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Ben Jones
Ben Jones, UK Lawyer
Category: Law
Satisfied Customers: 50154
Experience:  Qualified Solicitor
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I have photos of our now grown up children as children. One

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I have photos of our now grown up children as children. One child wants to use the photos of the second child (of him as a child) in a film. The second child want nothing to do with it.
I took the photos so probably have the copyright. But can child b refuse? I am fed up with both.
Please help
I don't blame you! Who took the photographs?
Sorry, I've just realised you are in Scotland.i will move this for you.
Customer: replied 1 year ago.
I took the photos and we are in England?
Customer: replied 1 year ago.
I mean we are in England and photos taken in england
Customer: replied 1 year ago.
Are we still in contact?
I thought your post above said you were in Scotland?
Customer: replied 1 year ago.
No if I did sorry, def England
Customer: replied 1 year ago.
Thank you
Hello, my name is ***** ***** my colleague has asked me to assist with your query as it is more my area of law. As you took the photos you indeed own the copyright. However, there would be a further issue with the fact that individuals are in these photos, which means that they could have additional rights under data protection regulations. There is no explicit right to privacy in the UK, so if they are identifiable from the photos they could try and argue that this amounts to personal data about them and such data should not be used for any other purposes than for which they were taken. In this case they could try and argue that these were for personal use, not for public use such as being used in a film. In these circumstances you would require the person’s consent so if they withhold their consent the photo should not be used. However, you also have to think whether they can do anything about it. Breach of data protection only gives someone the right to claim if they have suffered any losses as a result and being featured in a film is unlikely to cause actual losses so he may have his rights breached but the chances of him being able to legally challenge it would be minimal. So you have to reach a compromise one way or another. The safer option would be to state that the photos cannot be used as his consent has not been obtained, on the other hand allowing their use will unlikely result in any legal issues. I hope this has answered your query. I would be grateful if you could please take a second to leave a positive rating (3, 4 or 5 stars) as that is an important part of our process and recognises the time I have spent assisting you. If you need me to clarify anything before you go - please get back to me on here and I will assist further as best as I can. Thank you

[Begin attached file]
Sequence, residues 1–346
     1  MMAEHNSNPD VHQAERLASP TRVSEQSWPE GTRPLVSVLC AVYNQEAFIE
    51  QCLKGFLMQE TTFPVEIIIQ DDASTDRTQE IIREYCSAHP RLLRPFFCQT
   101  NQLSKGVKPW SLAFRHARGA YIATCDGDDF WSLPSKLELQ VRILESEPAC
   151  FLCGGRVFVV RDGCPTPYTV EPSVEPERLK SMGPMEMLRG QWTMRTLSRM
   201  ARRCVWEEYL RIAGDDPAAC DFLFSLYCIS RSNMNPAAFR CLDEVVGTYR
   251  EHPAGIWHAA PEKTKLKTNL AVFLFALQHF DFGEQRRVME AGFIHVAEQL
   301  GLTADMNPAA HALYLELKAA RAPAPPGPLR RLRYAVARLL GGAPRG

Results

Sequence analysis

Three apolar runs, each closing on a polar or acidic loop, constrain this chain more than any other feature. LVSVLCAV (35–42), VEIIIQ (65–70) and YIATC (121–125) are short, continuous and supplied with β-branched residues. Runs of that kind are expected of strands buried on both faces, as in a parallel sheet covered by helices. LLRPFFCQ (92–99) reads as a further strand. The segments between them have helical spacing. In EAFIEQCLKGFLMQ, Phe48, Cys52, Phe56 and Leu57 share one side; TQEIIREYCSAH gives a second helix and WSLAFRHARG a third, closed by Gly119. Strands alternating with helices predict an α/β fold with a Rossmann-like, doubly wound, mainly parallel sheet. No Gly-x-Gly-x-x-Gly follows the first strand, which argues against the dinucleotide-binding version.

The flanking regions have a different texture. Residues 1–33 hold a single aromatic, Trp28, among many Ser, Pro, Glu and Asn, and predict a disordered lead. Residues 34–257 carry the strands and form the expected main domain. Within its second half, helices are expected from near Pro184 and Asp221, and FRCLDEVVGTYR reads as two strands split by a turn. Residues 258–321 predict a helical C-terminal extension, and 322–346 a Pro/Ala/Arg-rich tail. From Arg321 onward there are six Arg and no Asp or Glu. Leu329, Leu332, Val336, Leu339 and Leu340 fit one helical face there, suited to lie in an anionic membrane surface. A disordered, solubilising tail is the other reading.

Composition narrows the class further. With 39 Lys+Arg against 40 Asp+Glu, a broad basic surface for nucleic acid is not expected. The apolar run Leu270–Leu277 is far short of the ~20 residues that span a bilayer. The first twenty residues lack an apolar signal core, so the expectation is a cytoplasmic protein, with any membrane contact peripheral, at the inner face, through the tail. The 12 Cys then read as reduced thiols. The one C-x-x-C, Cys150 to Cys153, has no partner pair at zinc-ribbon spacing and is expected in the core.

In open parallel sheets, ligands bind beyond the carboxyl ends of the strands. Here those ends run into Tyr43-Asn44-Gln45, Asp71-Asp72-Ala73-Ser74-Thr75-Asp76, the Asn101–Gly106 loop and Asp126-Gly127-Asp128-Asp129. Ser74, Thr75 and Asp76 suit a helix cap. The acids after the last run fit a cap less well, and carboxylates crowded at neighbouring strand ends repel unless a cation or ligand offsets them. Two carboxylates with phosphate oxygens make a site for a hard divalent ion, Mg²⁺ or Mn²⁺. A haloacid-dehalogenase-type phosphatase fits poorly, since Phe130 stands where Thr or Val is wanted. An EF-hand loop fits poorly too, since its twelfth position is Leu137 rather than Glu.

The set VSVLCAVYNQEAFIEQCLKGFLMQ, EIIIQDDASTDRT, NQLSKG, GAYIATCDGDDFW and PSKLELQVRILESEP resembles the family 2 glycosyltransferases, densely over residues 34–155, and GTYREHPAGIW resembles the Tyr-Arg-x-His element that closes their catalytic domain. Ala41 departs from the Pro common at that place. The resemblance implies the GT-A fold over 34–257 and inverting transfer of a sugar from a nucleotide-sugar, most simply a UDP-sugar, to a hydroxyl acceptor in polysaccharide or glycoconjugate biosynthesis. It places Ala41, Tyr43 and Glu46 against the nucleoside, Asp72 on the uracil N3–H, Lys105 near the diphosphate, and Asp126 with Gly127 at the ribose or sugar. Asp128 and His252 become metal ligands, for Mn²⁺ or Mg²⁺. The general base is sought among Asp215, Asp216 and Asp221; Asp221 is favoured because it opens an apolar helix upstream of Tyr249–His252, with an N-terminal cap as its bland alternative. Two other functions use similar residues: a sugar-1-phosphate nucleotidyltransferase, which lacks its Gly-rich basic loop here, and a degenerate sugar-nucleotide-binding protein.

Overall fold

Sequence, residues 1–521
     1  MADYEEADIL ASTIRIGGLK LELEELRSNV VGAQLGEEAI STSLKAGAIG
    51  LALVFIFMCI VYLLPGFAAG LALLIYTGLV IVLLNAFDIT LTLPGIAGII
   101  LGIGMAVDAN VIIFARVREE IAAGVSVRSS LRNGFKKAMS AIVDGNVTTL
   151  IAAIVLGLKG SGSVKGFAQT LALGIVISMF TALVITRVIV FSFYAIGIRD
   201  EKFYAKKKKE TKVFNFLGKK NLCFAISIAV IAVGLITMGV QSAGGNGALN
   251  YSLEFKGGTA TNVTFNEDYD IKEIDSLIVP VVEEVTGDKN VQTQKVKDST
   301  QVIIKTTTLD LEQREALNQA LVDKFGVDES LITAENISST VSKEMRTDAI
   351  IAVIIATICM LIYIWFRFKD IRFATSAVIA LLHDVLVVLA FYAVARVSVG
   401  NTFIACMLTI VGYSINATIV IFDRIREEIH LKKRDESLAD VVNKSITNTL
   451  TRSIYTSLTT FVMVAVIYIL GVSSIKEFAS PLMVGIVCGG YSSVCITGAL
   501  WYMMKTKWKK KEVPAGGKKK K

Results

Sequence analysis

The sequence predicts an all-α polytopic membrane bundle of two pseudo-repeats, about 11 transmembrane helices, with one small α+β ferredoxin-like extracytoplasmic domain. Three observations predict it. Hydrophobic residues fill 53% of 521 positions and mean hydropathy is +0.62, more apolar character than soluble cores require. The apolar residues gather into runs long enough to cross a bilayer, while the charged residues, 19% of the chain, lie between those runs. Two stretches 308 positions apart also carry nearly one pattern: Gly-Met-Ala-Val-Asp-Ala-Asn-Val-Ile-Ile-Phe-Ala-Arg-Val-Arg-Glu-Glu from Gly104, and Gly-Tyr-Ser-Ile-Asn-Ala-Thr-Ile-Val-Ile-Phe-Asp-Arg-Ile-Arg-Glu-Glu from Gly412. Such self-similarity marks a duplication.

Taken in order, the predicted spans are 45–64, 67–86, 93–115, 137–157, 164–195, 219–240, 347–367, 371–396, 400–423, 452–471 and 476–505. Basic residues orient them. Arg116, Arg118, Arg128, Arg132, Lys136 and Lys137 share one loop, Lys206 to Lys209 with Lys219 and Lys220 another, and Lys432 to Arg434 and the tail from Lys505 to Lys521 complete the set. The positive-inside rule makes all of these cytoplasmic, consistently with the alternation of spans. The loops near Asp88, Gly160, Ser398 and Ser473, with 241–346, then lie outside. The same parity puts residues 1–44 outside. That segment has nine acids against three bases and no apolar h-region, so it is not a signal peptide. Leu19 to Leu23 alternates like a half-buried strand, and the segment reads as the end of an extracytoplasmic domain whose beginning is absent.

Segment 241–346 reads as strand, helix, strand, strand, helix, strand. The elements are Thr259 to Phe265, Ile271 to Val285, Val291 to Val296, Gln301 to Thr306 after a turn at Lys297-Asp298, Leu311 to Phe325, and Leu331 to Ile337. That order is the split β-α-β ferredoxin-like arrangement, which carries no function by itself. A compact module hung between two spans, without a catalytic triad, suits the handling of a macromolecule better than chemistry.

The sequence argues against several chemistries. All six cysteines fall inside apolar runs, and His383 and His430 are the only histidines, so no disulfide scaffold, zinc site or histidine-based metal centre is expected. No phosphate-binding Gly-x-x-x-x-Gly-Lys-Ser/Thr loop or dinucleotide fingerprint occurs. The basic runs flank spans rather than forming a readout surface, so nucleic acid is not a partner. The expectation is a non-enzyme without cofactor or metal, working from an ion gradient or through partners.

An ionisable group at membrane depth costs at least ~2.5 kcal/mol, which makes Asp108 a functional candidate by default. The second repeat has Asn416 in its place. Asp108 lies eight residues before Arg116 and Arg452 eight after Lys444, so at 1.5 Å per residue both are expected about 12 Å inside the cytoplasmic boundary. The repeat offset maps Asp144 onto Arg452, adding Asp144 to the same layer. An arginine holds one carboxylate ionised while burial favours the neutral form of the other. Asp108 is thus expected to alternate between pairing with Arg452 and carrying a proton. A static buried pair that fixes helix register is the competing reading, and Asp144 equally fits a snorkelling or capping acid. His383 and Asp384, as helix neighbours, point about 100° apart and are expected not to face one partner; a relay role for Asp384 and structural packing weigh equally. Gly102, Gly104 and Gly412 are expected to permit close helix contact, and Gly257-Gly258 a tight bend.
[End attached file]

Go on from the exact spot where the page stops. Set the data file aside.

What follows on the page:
Ben Jones, UK Lawyer
Category: Law
Satisfied Customers: 50154
Experience: Qualified Solicitor
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